“It was great that the Ponca and Omaha hosted this year,” says Lynn (Osage). “We’ve had it in Oklahoma for five years. Last year, the Omaha sent a couple of vans down to Oklahoma with 12
fluent speakers.”

VidaStablerON THE HOMELAND: VIDA STABLER

Umoⁿhoⁿ language documentation dates to James Owen Dorsey, Alice Fletcher, and Francis La Flesche (the first Omaha-Ponca anthropologist). “But many others have documented our language since then,” says Vida Stabler, Title VII Indian Education Director of Umoⁿhoⁿ Nation Public Schools.

The Omaha Reservation schools currently employ two full-time and two part-time Umoⁿhoⁿ language instructors to teach across roughly 20 K-12 classrooms each week. “We do not have enough teachers to meet demand on the reservation,” says Stabler, who has taught at the schools for 18 years. She recently helped to organize a new teaching group, ToUL (Teachers of Umoⁿhoⁿ Language), and says developing immersion programs will be crucial to language revitalization.

Three years ago, the Omaha Public Schools and the Umoⁿhoⁿ Language Cultural Center produced a language app called “Omaha Basic.” Over the past decade, Umoⁿhoⁿ Nation Public Schools and UNL partnered to complete the first Omaha language textbook (to be released in 2018). The projects relied on crucial contributions by the late Marcella Woodhull Cayou, Donna Morris Parker, and Susan Fremont. In 2017, Umoⁿhoⁿ Nation Public Schools is partnering with the Language Conservancy to produce an Umoⁿhoⁿ textbook for instructors and students.

AubreyStreitKrugAN OUTSIDER’S VIEW: AUBREY STREIT KRUG

Aubrey Streit Krug began studying the Omaha language as part of her ongoing Ph.D. in English at UNL. Her adviser suggested that she learn a Native American language, so she started taking classes with the late Mark Awakuni-Swetland, Ph.D., an anthropology professor of Euro-American descent (who had been adopted by Omaha elders).

Streit Krug says she was a minority in the class as a non-Native person. After Awakuni-Swetland’s passing in 2015, she remained among the 10-15 people working on a collaborative textbook. The textbook’s copyright is owned by the Umoⁿhoⁿ Language Cultural Center and Umoⁿhoⁿ Nations Public Schools. The upcoming textbook and the Omaha-Ponca Digital Dictionary are the legacy of her mentor’s lifework.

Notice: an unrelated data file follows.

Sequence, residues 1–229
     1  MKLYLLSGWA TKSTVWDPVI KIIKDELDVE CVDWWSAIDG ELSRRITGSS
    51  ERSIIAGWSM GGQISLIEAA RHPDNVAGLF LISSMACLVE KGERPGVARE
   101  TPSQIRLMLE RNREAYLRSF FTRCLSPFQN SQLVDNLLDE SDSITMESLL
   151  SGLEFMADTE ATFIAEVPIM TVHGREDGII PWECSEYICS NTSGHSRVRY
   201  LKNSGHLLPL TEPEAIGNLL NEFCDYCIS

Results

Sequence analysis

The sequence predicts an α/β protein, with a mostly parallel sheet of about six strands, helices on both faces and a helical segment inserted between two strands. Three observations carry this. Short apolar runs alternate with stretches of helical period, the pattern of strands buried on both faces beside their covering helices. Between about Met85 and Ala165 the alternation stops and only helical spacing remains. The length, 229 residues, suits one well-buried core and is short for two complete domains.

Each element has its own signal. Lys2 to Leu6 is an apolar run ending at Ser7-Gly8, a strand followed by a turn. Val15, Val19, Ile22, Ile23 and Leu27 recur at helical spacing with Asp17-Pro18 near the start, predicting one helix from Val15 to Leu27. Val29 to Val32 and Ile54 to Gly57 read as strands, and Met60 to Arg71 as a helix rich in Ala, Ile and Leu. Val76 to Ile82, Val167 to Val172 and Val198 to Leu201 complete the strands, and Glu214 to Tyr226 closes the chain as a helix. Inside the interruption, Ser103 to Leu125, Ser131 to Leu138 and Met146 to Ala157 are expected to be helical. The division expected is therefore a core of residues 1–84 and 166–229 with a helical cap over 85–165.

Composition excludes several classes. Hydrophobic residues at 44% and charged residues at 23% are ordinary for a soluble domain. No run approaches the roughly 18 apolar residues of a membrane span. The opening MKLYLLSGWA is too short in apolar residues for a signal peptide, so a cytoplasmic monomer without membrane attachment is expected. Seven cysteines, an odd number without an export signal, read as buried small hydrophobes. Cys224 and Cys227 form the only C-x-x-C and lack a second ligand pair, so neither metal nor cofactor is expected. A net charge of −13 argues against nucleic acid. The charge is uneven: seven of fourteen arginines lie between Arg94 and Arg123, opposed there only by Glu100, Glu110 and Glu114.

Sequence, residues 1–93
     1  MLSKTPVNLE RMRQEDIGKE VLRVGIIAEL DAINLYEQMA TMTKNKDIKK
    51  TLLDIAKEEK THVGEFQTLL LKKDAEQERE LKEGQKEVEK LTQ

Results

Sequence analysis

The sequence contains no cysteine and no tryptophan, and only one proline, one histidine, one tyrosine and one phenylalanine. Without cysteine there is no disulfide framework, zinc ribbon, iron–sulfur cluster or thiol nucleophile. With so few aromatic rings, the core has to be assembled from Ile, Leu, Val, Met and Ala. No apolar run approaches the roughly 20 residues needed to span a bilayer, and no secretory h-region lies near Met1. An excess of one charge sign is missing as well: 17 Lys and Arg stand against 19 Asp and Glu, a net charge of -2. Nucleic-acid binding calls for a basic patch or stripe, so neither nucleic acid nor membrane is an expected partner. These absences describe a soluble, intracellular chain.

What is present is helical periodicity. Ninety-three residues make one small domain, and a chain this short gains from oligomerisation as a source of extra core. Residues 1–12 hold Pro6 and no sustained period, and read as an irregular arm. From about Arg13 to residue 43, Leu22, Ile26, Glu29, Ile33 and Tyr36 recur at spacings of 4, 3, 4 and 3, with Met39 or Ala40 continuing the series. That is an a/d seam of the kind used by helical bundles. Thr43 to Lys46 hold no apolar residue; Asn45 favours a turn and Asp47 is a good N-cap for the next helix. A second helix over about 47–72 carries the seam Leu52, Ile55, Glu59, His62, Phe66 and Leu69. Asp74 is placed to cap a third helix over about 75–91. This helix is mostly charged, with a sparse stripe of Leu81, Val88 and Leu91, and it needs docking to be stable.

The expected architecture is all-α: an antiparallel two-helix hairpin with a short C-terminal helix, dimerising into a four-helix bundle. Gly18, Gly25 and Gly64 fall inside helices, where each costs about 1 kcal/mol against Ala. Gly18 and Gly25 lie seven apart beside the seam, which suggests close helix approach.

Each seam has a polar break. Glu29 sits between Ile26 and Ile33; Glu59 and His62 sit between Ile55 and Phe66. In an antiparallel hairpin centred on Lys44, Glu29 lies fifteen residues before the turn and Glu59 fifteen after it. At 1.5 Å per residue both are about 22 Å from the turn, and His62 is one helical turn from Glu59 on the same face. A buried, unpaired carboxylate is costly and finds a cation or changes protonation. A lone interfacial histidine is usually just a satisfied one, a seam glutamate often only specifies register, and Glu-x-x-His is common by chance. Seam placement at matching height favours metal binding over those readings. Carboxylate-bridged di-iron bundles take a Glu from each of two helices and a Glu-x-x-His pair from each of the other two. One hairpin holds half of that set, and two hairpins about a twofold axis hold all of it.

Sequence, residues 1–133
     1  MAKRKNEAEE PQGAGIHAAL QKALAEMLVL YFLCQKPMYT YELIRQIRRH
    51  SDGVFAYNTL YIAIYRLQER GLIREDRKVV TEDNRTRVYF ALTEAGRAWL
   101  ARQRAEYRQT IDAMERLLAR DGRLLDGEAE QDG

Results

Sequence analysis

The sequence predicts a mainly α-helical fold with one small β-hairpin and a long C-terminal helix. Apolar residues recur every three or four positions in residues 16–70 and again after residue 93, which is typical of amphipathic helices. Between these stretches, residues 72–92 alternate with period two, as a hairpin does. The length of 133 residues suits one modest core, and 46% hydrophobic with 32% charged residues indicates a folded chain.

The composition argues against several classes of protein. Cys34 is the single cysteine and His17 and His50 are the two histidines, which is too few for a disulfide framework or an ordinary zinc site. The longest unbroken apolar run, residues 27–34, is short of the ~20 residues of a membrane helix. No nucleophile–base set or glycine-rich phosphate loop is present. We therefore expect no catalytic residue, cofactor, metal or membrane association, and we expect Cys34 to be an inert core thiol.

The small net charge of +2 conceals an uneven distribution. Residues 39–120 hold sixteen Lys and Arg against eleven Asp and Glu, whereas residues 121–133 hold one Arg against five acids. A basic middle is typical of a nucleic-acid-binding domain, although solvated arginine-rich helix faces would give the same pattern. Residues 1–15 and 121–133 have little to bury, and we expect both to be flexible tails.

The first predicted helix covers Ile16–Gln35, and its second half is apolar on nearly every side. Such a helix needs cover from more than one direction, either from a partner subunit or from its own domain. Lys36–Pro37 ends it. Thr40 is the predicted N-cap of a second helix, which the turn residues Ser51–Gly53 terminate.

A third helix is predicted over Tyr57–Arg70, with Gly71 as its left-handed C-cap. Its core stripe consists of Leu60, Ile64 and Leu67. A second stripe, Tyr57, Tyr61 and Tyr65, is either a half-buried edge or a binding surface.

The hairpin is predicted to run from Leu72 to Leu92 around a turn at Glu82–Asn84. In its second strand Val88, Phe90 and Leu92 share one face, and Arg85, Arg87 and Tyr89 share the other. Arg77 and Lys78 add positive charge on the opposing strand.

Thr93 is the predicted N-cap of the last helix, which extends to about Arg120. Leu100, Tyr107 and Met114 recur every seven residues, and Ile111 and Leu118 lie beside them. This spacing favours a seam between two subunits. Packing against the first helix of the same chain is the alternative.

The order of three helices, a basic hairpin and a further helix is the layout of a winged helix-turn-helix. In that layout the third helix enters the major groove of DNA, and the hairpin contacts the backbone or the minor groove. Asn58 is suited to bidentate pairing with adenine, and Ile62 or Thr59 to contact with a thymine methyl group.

“Studying Umoⁿhoⁿ is important because this is the land where we are situated. My ancestors were German immigrants in the late-19th century, and I grew up in rural Kansas,” she says, noting that the Omaha language helped her to understand the root meaning of the Waconda Lake near her hometown (a Siouan word for “holy” or “sacred”). “What I knew of the Great Plains was the history of Euro-American settlement. But there is this beautiful, ongoing tradition of Native communities.”

Summer!

August 11, 2016 by
Photography by Bill Sitzmann

The symptoms of heat exhaustion can develop swiftly and suddenly. If you are age 60 or older, not only does your risk for developing heat exhaustion intensify, but the symptoms can develop more rapidly and become more serious.

“Older people are especially prone to heat exhaustion because their bodies don’t adjust to heat as well,” says Dr. Mark Ptacek, a family practitioner at Nebraska Medicine. “Chronic medical conditions, as well as certain types of medications, can impair your ability to regulate your body temperature and perspire.”

HealthHeat exhaustion results from prolonged exposure to high temperatures, usually in combination with dehydration. The risk for heat exhaustion increases when the heat index—a combination of the temperature and humidity—rises to 90 degrees. A relative humidity of 60 percent or more hampers sweat evaporation, which hinders the body’s ability to cool itself, says Dr. Ptacek.

Heat exhaustion causes the skin to feel hot and moist, and to appear flushed. Other possible symptoms include heavy sweating, faintness, weakness, rapid pulse, low blood pressure, nausea, low-grade fever, headache, and dark urine. “If you are no longer sweating, your condition has grown more severe,” notes Dr. Ptacek.

If you or someone you know is experiencing signs of heat exhaustion, Dr. Ptacek recommends going to a cool place, sitting in front of a fan, removing extra clothing, rehydrating with cool water (iced or cold water can cause cramping), spraying or sponging with cool water, resting for two to three hours, and staying out of excessive heat for about a week. If you are nauseated, throwing up, or are very dizzy or light-headed, you should be taken to an emergency room, he says.

Dr. Ptacek recommends these tips to keep yourself well-hydrated during the summer:

  • Drink plenty of fluids. “We are a quart low on water when we wake up in the morning, so start your day with two glasses of water. Continue to drink lots of fluids throughout the day, even if you don’t feel thirsty. As you get older, you begin to lose your sense of thirst, and therefore you may already be at a fluid deficit.”
  • Drink before you feel thirsty. When your body begins expressing thirst, this means you are starting to get behind your body’s fluid needs.
  • If you are exercising and perspiring a lot, drink fluids with extra electrolytes such as sports drinks.
  • Avoid drinking alcohol, which acts as a diuretic, causing your body to lose fluids and desensitizes your body’s needs for water.
  • Avoid caffeine, which decreases your body’s blood volume and also acts as a diuretic, making you more dehydrated.
  • Exercise in the early morning or late evening.
  • Avoid sugary drinks, which can cause your body to lose more fluid.